The modern Scandinavian languages have a common word for Norsemen: the word nordbo, is used for both ancient and modern people living in the Nordic countries and speaking one of the Scandinavian Germanic languages. The word Vikings: Vikinger in Danish and Norwegian Bokmål, Vikingar in Swedish and Norwegian Nynorsk is not used as a word for Norsemen by natives, as "Viking" is the name for a specific activity/occupation, not a demographic group; the Vikings were people partaking in the raid. On occasions Finland is mentioned as a "Scandinavian country". Th
Erik the Red
Erik Thorvaldsson, known as Erik the Red, was a Norse explorer, remembered in medieval and Icelandic saga sources as having founded the first settlement in Greenland. According to Icelandic sagas, he was born in the Jæren district of Rogaland, Norway, as the son of Thorvald Asvaldsson, he therefore appears, patronymically, as Erik Thorvaldsson. The appellation "the Red" most refers to his hair color and the color of his beard. Leif Erikson, the famous Icelandic explorer, was Erik's son. Erik the Red's father, Thorvald Asvaldsson, was banished from Norway because of some killings, he left with his son Erik to northwest Iceland, where he died before 980. According to the Greenland saga: "There was a man called Thorvald, the father of Eirik the Red, he and Eirik left their home in Jaederen, in Norway, because of some killings and went to Iceland, extensively settled by then. He settled in Hornstrandir in northwestern Iceland; the Icelanders sentenced Erik to exile for three years for killing Eyiolf the Foul around the year 982.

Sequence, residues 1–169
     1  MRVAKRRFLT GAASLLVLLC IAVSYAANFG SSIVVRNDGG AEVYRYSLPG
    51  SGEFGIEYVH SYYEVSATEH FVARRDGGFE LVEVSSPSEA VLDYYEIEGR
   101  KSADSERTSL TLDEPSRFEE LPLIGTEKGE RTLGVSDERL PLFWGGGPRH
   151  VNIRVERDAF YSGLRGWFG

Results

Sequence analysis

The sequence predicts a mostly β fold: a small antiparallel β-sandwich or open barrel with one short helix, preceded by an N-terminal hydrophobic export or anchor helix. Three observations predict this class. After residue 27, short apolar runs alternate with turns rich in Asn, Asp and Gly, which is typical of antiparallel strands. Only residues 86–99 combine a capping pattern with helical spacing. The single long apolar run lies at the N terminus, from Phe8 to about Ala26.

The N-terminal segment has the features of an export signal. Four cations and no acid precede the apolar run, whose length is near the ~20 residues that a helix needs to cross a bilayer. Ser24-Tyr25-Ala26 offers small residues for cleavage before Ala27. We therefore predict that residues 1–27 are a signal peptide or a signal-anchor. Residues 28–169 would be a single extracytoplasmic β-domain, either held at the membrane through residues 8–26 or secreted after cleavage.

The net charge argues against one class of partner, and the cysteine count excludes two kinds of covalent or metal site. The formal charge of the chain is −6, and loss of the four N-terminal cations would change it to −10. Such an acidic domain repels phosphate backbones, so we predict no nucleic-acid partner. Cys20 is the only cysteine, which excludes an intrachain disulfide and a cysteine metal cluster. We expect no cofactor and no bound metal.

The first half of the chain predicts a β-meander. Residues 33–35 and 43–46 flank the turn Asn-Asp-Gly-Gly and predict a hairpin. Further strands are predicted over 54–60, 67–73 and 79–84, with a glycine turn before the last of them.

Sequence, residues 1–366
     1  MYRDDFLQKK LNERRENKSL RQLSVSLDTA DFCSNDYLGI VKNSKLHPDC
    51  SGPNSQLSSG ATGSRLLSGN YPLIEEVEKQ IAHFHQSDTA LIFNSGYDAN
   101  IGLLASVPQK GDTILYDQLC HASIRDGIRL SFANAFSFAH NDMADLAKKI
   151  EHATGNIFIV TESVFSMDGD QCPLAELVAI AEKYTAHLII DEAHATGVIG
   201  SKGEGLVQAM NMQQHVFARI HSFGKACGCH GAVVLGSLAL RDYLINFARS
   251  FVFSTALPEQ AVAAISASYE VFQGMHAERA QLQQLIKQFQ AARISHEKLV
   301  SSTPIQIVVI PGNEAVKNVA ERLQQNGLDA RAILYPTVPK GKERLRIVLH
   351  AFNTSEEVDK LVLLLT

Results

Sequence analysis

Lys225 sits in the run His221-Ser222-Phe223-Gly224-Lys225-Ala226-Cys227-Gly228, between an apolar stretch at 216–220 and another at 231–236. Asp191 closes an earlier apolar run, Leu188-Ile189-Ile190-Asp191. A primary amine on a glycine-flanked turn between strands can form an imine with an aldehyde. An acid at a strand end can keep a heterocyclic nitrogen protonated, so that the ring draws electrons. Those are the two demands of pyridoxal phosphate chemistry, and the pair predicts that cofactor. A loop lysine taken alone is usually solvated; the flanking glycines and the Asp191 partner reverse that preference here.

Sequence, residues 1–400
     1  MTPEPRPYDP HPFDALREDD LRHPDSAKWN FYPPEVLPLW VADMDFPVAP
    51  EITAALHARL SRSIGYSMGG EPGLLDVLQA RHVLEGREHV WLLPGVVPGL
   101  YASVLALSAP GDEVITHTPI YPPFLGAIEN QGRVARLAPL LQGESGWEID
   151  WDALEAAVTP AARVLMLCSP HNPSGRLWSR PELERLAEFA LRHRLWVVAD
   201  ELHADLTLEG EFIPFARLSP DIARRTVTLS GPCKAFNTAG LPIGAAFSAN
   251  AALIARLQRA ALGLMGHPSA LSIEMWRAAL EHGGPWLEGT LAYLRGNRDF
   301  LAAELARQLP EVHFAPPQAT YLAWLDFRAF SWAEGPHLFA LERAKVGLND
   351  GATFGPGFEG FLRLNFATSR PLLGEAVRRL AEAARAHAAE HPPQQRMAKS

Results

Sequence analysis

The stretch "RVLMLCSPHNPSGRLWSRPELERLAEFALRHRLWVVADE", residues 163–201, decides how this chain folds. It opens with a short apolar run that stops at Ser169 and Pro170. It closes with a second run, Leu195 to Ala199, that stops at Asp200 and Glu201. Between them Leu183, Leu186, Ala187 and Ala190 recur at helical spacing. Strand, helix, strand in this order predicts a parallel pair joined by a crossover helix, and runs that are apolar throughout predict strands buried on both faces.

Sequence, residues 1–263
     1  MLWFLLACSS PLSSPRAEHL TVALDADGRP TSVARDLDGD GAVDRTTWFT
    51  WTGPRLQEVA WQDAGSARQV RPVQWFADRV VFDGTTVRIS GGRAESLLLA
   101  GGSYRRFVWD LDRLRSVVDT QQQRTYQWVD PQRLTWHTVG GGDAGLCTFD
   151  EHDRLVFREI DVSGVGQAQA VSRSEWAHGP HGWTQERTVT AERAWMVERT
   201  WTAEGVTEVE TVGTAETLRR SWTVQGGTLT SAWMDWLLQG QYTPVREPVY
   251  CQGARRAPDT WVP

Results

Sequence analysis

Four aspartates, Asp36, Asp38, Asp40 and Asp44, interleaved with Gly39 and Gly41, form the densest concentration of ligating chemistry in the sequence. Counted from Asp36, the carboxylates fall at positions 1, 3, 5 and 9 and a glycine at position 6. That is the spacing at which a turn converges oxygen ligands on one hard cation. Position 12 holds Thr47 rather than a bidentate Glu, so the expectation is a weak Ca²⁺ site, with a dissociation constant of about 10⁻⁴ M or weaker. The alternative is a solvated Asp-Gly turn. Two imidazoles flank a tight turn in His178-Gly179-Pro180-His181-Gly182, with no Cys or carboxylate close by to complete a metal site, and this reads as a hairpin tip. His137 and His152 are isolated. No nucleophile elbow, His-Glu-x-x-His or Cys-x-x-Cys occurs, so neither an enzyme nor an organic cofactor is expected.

After marrying Thjodhild, Erik moved to Haukadalr. The initial confrontation occurred when his thralls started a landslide on the neighboring farm belonging to Valthjof. Valthjof's friend, Eyiolf the Foul, killed the thralls. In retaliation, Erik killed Holmgang-Hrafn. Eyiolf's kinsmen demanded his banishment from Haukadal. Erik moved to the island of Oxney, he asked Thorgest to keep his setstokkr – inherited ornamented beams of significant mystical value, which his father had brought from Norway. When he had finished his new house, he went back to get them, but they "could not be obtained". Erik went to Breidabolstad and took them; these are to have been Thorgest's setstokkr, although the sagas are unclear at this point. Thorgest gave chase, in the ensuing fight Erik slew both Thorgest's sons and "a few other men". After this, each of them retained a considerable body of men with him at his home. Styr gave Erik his support, as did Eyiolf of Sviney, Vifil's son, the sons of Thorbrand of Alptafirth.
The dispute was resolved at the Thing, which outlawed Erik for three years. Though popular history credits Erik as the first person to discover Greenland, the Icelandic sagas suggest that earlier Norsemen discovered and tried to settle it before him. Tradition credits Gunnbjorn Ulfsson with the first sighting of the land-mass. Nearly a century before Erik, strong winds had driven Gunnbjorn towards a land he called Gunnbjorn's skerries, but the accidental nature of Gunnbjorn's discovery has led to his neglect in the history of Greenland. After Gunnbjorn, Snaebjorn Galti had visited Greenland. According to records from the time, Galti headed the first Norse attempt to colonize Greenland, which ended in disaster. Erik the Red was the first permanent European settler. In this context, about 982, Erik sailed to a somewhat little-known land, he sailed up the western coast. He reached a part of the coast that, for the most part, seemed ice-free and had conditions—similar to those of Iceland—that promised growth and future prosperity.